Skip to main content

Listening to Patients: The Opal as a Source

The Opal, which was “dedicated to usefulness,” is a ten volume Journal that was written and edited by the patients of the Utica State Lunatic Asylum, (1851 – 1860). The more than 3,000 pages of material in The Opal includes political commentary, humor, advice, and theory on insanity in the form of articles, poetry, prose, cartoons, plays, and literature.Continue Reading »

Poor Relief and the Almshouse

Written by Dr. David Wagner, University of Southern Maine. “Poorhouses (almshouses were simply the same thing with the old English word “alms” for charity used) started out rather small, sometimes in private homes, and at first were scattered in America. But in the 1820s, when America ceased being a completely agricultural society and began to receive more immigration, reformers such as Josiah Quincy in Massachusetts and John Yates in New York led a drive to build almshouses or poorhouses in every town and city. Their purposes were deeply steeped in a desire to not only save money but also to deter the ‘undeserving poor.””Continue Reading »

New York State’s County Poor Houses (1864)

In 1864, an investigation was made concerning the treatment of the “insane” confined in the county poor houses of New York State. Dr. Sylvester D. Willard’s Report was the instrument that persuaded the New York State Legislature to pass, on April 8, 1865, The Willard Act, “An Act to authorize the establishment of a State asylum for the chronic insane, and for the better care of the insane poor, to be known as The Willard Asylum for the Insane.” What follows is the original report to the New York State Legislature by Dr. Sylvester D. Willard, Secretary of the Medical Society.Continue Reading »

Brief History of Government Charity in New York (1603 – 1900)

This entry describes the history of legislative actions taken by the New York State Government for the poor in New York State from 1603 to 1900. Derived from the research of Linda S. Stuhler. Continue Reading »

Home Missionary Society of Philadelphia

While some children required long-term placement, assistance was often temporary. One worker describes a case below which particularly displays the “uplift” mentality of the Society:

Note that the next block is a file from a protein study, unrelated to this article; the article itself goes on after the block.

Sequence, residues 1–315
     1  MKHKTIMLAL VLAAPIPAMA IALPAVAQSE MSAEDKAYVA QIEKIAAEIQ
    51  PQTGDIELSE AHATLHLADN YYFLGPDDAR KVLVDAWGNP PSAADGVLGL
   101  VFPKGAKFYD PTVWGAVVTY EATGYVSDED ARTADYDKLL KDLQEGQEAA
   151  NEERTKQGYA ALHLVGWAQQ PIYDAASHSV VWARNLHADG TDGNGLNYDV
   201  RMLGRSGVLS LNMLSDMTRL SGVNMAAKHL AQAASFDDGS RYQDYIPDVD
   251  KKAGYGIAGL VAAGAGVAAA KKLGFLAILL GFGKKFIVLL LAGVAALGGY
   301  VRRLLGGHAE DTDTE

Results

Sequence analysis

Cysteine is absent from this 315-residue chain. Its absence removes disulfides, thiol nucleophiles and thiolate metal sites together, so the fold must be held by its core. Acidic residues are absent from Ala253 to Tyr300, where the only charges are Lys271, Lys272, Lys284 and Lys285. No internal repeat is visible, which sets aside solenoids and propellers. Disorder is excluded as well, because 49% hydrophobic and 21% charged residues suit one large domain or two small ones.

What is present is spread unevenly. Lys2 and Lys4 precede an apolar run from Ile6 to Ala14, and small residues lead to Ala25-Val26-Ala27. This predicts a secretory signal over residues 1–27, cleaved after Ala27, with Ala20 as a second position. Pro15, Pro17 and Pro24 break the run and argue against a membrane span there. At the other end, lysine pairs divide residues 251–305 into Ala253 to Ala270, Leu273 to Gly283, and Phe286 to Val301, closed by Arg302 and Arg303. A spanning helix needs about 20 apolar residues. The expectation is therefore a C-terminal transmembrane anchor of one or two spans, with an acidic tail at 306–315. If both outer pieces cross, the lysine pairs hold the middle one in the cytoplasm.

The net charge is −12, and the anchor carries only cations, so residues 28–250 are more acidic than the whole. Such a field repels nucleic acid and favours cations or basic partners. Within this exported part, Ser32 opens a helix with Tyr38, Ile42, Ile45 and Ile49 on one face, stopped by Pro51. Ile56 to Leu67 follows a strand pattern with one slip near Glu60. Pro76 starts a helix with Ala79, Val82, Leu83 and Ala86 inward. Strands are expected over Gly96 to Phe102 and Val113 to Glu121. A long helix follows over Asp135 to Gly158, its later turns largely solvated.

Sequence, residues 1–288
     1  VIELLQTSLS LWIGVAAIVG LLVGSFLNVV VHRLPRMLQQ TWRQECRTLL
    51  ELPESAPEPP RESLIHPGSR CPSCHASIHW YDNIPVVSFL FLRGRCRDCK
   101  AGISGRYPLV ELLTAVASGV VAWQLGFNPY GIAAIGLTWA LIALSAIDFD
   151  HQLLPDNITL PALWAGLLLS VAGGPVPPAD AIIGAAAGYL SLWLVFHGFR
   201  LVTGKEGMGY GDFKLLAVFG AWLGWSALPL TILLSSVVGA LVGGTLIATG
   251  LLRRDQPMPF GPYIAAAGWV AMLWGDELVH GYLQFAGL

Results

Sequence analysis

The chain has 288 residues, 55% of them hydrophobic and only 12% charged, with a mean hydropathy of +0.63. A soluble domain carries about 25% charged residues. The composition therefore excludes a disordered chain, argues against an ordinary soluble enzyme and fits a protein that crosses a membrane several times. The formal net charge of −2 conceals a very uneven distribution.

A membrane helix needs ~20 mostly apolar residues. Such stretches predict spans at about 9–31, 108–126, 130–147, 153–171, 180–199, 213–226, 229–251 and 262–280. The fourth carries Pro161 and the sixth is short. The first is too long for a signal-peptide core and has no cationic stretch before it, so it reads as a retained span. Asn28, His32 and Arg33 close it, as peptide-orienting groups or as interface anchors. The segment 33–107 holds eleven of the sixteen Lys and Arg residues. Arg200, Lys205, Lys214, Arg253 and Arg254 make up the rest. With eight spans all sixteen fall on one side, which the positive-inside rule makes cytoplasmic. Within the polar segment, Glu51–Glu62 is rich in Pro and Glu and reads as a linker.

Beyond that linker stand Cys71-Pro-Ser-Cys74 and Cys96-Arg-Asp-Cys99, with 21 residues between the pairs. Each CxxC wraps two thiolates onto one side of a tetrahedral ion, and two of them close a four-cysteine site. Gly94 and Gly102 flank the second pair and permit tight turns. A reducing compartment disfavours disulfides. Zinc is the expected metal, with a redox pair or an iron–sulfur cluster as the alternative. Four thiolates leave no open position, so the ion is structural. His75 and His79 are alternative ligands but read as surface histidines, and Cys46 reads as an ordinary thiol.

“After a meeting, I called on a widow with four children. She is sick. To secure daily bread, her boy, twelve years of age, sells papers. He called to see me, asking for a situation in the city, whereby he might help his mother. I knew a man of business who wanted a boy, took him with me and secured the place. He has been with him three weeks, and gives such good satisfaction that his wages have been raised, and he is promised permanent employment with a knowledge of the trade. When the mother had sufficiently recovered she came to thank me for the interest I had taken in her son. In this case it was not the money given which called forth her gratitude, but the fact that I had helped the family to help themselves.”Continue Reading »

Sisters of Charity of New York

Written by Michael Barga. “Some of the earliest sustained social service institutions and health care facilities in New York City were started by the sisters. Their allegiance to local Catholics in the city came in conflict with their obedience to their superiors … eventually leading to the establishment of a separate order recognized as the Sisters of Charity of New York (SCNY).”Continue Reading »

Why A Woman’s Rights Convention?

Determined to overcome the social, civil, and religious disabilities that crippled women of their day, Elizabeth Cady Stanton and Lucretia Mott organized the first woman’s rights convention in Seneca Falls, New York, on 19 July 1848. It drew over 300. Stanton drafted the “Declaration of Sentiments,” a document that stated “men and women are created equal”Continue Reading »

The Declaration of Sentiments

This resolution calling for woman suffrage had passed, after much debate, at the Seneca Falls Convention in 1848, convened by Elizabeth Cady Stanton and Lucretia Mott. In The Declaration of Sentiments, a document based upon the Declaration of Independence, the numerous demands of these early activists were elucidated.Continue Reading »

Woman Suffrage: History and Time Line

A resolution calling for woman suffrage had passed, after much debate, at the Seneca Falls Convention in 1848, convened by Elizabeth Cady Stanton and Lucretia Mott. In The Declaration of Sentiments, a document based upon the Declaration of Independence, the numerous demands of these early activists were elucidated. The 1848 convention had challenged America to a social revolution that would touch every aspect of life. Early women’s rights leaders believed suffrage to be the most effective means to change an unjust system.Continue Reading »

Tubman, Harriet

Tubman had made the perilous trip to slave country 19 times by 1860, including one especially challenging journey in which she rescued her 70-year-old parents. Of the famed heroine, who became known as “Moses,” Frederick Douglass said, “Excepting John Brown — of sacred memory — I know of no one who has willingly encountered more perils and hardships to serve our enslaved people than [Harriet Tubman].”Continue Reading »

View graphic versionView graphic version